The myth that a 13 or 12mm tip size is 'ideal' has been going on for far too long. This kind of tip size was needed in the old days when ivory balls were used on thick cloths which were slow. These kind of tips were then needed as the balls needed to be struck much harder and thus the cue had to be stronger. Now that people like 'Saluc' (aramith) developped much better (high reactive) balls and now that cloths are much faster, there is no need for this 'broomsticks' (sorry) anymore. The world of 'billiardcues' has not evolved from pre-history as it seems that only predator and a few other companies such as acuerate understand that playing conditions have changed!! Just like in other sports (look at the evolution of tennis rackets for instance ! which adapted to the lighter balls). So for all those who find it hard to play a screw shot with side spin ... just think about these myths and consider to adapt to a smaller tipsize.

The myth that it's easier to hit the 'middle' of the cue ball is also ongoing. 99% of shots are playd with un-intentional side spin anyway! But with a bit tip this will surely result in higher deflection. This means that you will just suffer more throw then with a smaller sized tip. I would say : try it out and see for yourself.

This for your information guys !
Johan
<hr /></blockquote>

dr_dave
09-19-2007, 09:14 AM
<blockquote><font class="small">Quote Deeman3:</font><hr> In honor of Dr. Dave's request I will not terrorise this gentleman. There, see...I can be friendly in face of overwealming insight and intellegence far beyond our present day understanding of the sport we so love but are so woefully ignorant of.

I'll play nice for 15 more hours. /ccboard/images/graemlins/smirk.gif<hr /></blockquote>Deeman,

I'm proud of you. Now go take another Vicodin. /ccboard/images/graemlins/smile.gif

Dave

wolfdancer
09-19-2007, 09:33 AM
Doctor Dave, you are now prescribing drugs? I didn't know you were a Medical Doctor.... /ccboard/images/graemlins/grin.gif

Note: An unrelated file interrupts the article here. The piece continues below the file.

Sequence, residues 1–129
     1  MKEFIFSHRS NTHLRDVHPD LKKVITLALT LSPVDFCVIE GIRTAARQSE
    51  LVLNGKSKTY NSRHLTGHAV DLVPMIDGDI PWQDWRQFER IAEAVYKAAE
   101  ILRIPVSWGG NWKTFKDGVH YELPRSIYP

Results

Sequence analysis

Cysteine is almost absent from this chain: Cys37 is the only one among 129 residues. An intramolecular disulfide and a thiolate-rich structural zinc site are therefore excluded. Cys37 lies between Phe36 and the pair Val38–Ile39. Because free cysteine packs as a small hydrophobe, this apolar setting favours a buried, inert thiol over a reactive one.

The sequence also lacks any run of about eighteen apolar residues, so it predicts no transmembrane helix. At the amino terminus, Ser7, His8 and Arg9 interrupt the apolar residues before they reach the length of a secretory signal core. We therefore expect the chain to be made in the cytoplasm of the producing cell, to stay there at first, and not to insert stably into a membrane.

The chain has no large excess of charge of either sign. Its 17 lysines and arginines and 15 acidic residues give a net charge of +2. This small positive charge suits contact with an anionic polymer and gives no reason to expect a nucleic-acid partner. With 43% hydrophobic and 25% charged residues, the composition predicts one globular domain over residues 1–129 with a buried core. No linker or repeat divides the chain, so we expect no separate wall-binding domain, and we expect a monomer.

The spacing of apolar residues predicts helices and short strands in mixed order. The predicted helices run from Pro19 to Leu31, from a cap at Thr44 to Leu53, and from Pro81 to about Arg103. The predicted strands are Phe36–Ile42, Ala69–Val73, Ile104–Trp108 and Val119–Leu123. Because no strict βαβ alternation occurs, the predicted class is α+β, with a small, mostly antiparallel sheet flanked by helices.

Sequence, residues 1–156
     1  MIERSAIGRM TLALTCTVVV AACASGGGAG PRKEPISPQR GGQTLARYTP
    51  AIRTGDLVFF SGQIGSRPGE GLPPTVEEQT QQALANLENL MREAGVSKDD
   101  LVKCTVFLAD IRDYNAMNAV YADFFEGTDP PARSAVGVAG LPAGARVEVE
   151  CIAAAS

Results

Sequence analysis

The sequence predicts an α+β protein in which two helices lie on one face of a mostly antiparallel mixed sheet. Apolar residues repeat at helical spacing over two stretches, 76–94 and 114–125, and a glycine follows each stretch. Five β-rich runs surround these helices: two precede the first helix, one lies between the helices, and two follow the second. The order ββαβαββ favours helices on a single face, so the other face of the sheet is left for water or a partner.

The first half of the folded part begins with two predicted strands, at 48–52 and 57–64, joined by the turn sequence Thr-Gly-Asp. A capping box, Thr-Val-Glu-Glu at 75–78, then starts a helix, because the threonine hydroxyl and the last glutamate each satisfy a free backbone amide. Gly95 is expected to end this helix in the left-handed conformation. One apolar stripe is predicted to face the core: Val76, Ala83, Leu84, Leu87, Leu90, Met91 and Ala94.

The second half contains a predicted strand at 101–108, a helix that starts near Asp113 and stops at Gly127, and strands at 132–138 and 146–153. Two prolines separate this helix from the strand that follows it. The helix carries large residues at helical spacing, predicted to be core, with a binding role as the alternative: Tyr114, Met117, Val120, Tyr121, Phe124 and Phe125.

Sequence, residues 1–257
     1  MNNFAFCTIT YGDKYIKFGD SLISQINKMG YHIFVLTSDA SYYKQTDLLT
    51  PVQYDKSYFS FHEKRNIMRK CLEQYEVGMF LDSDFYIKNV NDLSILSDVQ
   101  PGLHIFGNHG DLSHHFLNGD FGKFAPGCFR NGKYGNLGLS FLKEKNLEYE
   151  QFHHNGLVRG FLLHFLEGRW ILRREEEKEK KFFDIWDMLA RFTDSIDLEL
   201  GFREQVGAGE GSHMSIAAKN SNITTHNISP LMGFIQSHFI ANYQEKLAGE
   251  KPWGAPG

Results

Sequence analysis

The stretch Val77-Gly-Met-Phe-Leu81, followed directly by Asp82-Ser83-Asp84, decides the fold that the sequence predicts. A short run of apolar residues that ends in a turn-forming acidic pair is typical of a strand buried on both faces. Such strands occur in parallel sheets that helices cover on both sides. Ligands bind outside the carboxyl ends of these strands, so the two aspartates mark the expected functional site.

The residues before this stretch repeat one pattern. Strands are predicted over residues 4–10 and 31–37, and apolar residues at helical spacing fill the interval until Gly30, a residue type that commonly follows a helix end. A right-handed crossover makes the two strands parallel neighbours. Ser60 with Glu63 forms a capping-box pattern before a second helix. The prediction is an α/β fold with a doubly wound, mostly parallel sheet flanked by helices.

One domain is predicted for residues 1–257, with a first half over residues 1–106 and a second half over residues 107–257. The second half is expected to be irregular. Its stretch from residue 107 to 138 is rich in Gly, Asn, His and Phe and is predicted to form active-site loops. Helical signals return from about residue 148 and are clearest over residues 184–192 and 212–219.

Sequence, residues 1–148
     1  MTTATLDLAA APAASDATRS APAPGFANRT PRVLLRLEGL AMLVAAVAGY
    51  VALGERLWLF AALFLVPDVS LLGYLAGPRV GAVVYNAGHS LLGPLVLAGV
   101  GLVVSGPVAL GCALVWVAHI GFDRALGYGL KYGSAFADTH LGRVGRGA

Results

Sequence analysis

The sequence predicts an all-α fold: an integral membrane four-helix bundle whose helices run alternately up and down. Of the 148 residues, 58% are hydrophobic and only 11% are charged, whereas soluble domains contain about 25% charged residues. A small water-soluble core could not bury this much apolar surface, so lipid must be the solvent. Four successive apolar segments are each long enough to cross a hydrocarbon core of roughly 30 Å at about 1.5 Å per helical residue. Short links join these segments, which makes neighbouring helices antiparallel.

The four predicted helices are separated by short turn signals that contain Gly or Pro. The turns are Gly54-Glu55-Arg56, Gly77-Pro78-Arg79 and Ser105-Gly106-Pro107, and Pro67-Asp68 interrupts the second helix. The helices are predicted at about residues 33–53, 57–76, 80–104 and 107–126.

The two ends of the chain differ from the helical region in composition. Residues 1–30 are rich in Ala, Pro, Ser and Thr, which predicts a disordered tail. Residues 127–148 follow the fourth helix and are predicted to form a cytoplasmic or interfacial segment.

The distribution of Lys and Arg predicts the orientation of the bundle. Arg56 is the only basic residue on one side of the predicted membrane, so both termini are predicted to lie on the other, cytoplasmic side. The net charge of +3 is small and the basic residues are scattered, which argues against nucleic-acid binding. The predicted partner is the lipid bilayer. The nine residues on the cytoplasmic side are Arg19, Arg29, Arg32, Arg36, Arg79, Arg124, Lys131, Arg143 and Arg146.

I'm sure the Deeman got his start playing with Ivory balls.
I often wonder about those impressive runs back in the days of 10 ft tables, ivory balls, and napped cloth. It was like playing golf with hickory shafts.

dr_dave
09-19-2007, 09:45 AM
<blockquote><font class="small">Quote wolfdancer:</font><hr> Doctor Dave, you are now prescribing drugs? I didn't know you were a Medical Doctor.... /ccboard/images/graemlins/grin.gif<hr /></blockquote>I'm not a medical doctor, but I do occasionally offer free breast exams. /ccboard/images/graemlins/wink.gif

Don't bother to ask about testicle exams ... that's outside of my specialty area. /ccboard/images/graemlins/tongue.gif

Regards,
Dave

Deeman3
09-19-2007, 10:10 AM
/ccboard/images/graemlins/grin.gif /ccboard/images/graemlins/grin.gif /ccboard/images/graemlins/grin.gif /ccboard/images/graemlins/grin.gif /ccboard/images/graemlins/grin.gif

bsmutz
09-19-2007, 03:34 PM
All this stuff has me mythtified.

cushioncrawler
09-19-2007, 07:28 PM
Johan -- I mostly disagree.
Fast cloths havnt made the use of english eezyr. Having to try to get lots of english at slowish pace iz more diffikult.

The modern ball iz krap compared to the oldendayz (harder) ballz. In fakt i suspekt that the ivory ball played better than the modern Krapamiths.

Big tips (ie stiff cues) do not make judging squirt and swerve (squerve) more difficult. Squerve iz more difficult to judge uzing thin (ie flexy) cues.

But, i agree that, for some players, a flexy cue iz more forgiving for some shots (ie at some ranges). Here i am talking about both intentional and unintentional english etc. madMac.

Deeman3
09-20-2007, 07:39 AM
<blockquote><font class="small">Quote cushioncrawler:</font><hr> Johan -- I mostly disagree.
Fast cloths havnt made the use of english eezyr. Having to try to get lots of english at slowish pace iz more diffikult. <font color="blue"> This is supported by many oldtimers who say that english "stayed" on the balls longer on the old Simonis (i.e. McGorty according to Robert Byrne) </font color>

The modern ball iz krap compared to the oldendayz (harder) ballz. In fakt i suspekt that the ivory ball played better than the modern Krapamiths. <font color="blue"> I have an incomplete set of ivory balls and have hit a bunch of shots with them. I find, while they are, of course, more inconsistent, they do oddly seem to "more lively" in response off the cue ball, which is Ivory as well. </font color>

Big tips (ie stiff cues) do not make judging squirt and swerve (squerve) more difficult. Squerve iz more difficult to judge uzing thin (ie flexy) cues. <font color="blue"> Yes </font color>

But, i agree that, for some players, a flexy cue iz more forgiving for some shots (ie at some ranges). Here i am talking about both intentional and unintentional english etc. madMac. <hr /></blockquote> <font color="blue"> Not sure </font color>

<font color="blue"> I once played around with the idea of a concave tip and actually made a near-fit shape with a lathe into the tip (continuous semitrical profile?), then later a model with a stationary end mill forming the contour of the cue ball at one spot in a tip.

In both cases, a good bit of english/draw follow could be applied but it was very sensitive to tip placement and I did not see much practical application. I still have the second type tip and have thought of bringing it out for, for instance, a very challenging draw shot but probably then would face the chance of a very embarrassing miscue.